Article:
Jack Christie enters the Mayor’s race

Sure, why not?

Jack Christie

Former At-Large Councilmember Jack Christie launched a campaign for Houston mayor on Wednesday, making a late entry into an increasingly crowded race to lead the city for the next four years.

Christie, a Republican, launched a website Wednesday and told supporters he would be the “sole fiscal conservative” in the race. Urban Reform, a Houston nonprofit, first shared the announcement on Twitter.

“Serving three terms as City Councilmember At-Large has prepared me to both protect our tax dollars from waste and protect our communities from crime,” Christie said in the statement. “Houston’s next mayor must be a fiscal conservative and I feel a duty to give a voice to thousands of Houstonians who know that to be true.”

Christie enters a crowded field that a recent poll found is dominated by longtime state Sen. John Whitmire and U.S. Rep. Sheila Jackson Lee, both Democrats. Other contenders include attorney Lee Kaplan, District I Councilmember Robert Gallegos, and former Metro Chair Gilbert Garcia. The field includes 16 candidates in all, making a December runoff likely.


City elections are nonpartisan, but the leading candidates are Democrats or left-leaning contenders. Christie, 74, will seek to consolidate Republicans, who make up about a third of the city electorate, and conservative-leaning voters.

Political analysts have expected Whitmire, a moderate who is running a crime-focused campaign, to pull in most of those voters. He has many GOP donors and supporters, including Rockets owner Tilman Fertitta, Jim “Mattress Mack” McIngvale and real estate developer Richard Weekley.

Still, Christie said he saw a conservative lane as the field took shape.

“It changed the playing field where there was a possibility of a fiscal conservative winning because the two leaders will be fighting each other,” Christie said Wednesday. “I saw a winning play.”

It will be an uphill battle, according to Bob Stein, a professor of political science at Rice University. Stein said conservatives are perfectly content with Whitmire, and he thinks Christie will have difficulty raising money or garnering support.

“All that Jack can do is siphon votes away from John Whitmire,” Stein said.

Christie said he expects to peel many of Whitmire’s conservative backers into his fold, though he faces a steep financial disadvantage. In his last campaign finance report in 2019, he reported having under $3,000 in his account. Whitmire has nearly $10 million, and Garcia — also expected to pursue conservative voters — invested $3 million of his own money.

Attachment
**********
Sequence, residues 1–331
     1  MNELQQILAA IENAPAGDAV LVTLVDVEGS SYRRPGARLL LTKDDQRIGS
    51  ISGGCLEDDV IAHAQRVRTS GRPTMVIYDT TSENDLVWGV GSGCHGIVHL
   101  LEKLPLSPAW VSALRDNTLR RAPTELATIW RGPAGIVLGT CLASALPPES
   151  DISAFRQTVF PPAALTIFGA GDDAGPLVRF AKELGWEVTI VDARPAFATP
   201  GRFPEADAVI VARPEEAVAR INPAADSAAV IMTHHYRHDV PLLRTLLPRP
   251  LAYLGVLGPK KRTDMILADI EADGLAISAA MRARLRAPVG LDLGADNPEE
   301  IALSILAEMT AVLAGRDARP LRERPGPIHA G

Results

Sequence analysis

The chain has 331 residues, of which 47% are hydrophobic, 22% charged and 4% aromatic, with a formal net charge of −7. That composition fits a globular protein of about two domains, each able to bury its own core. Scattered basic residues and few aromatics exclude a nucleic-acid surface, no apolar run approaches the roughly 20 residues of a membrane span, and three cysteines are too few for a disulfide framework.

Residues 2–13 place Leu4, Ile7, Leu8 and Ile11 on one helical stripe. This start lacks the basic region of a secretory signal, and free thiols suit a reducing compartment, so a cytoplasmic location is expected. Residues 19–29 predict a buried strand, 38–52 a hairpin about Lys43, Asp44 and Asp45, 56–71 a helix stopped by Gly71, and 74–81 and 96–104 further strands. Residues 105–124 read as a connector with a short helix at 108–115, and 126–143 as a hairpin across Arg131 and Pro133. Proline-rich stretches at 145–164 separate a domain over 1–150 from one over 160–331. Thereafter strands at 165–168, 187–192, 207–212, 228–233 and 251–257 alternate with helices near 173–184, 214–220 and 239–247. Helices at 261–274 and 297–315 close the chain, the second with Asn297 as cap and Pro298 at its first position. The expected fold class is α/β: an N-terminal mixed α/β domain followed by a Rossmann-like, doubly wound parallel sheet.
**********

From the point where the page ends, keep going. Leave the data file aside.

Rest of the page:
See here for the background. Gotta say, if I’m MJ Khan right now, I’m pretty upset that I didn’t even merit an “also in the race” mention. No respect, I tell ya.

I’m no more impressed by Christie’s candidacy than I was when his name first surfaced. I’ve said all along that I expected another Republican to enter the race, but I was thinking about more of a Dan Patrick type, not someone who could delude themselves into thinking they could win but who would provide someone that someone like them would want to vote for. Jack Christie, bless his heart, was being labeled a RINO during the George W. Bush administration. I don’t see him as someone who is going to generate a bunch of excitement.

That said, I do agree with Bob Stein that he’ll take some votes away from John Whitmire. The question is how many. If you quite reasonably believe that it’s a Whitmire/Jackson Lee runoff in the making, then it only really matters if it might affect Whitmire’s place in the top two. I think Christie would have to get to at least fifteen percent to maybe have an effect, and that depends in part on there being a third place person separating themselves from the rest of the pack. If he can get enough support that could be Christie himself, but to do that he’s going to need some money to get his name out there. I’m sure he can raise a few bucks, but part of the challenge for him is that by this time a lot of the regular donors are already spoken for. My guess is he writes himself a check, at least to get himself started. We’ll see what his 30-day report says. Houston Landing, whose story did mention MJ Khan, has more.

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2 Responses to Jack Christie enters the Mayor’s race

  1. C.L. says:

    Ain’t voting for a 74 year old conservative to lead this City, and I suspect the majority of Houston dwellers wouldn’t, either.

  2. Mainstream says:

    I don’t agree that he will take many votes away from Whitmire. I think he just splits a narrow slice of voters who previously were considering MJ Khan. I also don’t recall that he ever self-funded his prior campaigns. Christie has been AWOL from GOP activities and events for more than a decade, as has Khan, is no longer well-known among activists, and I have yet to meet a Republican who is enthused by his last-minute candidacy or plans to support him, even if they know and generally like him.

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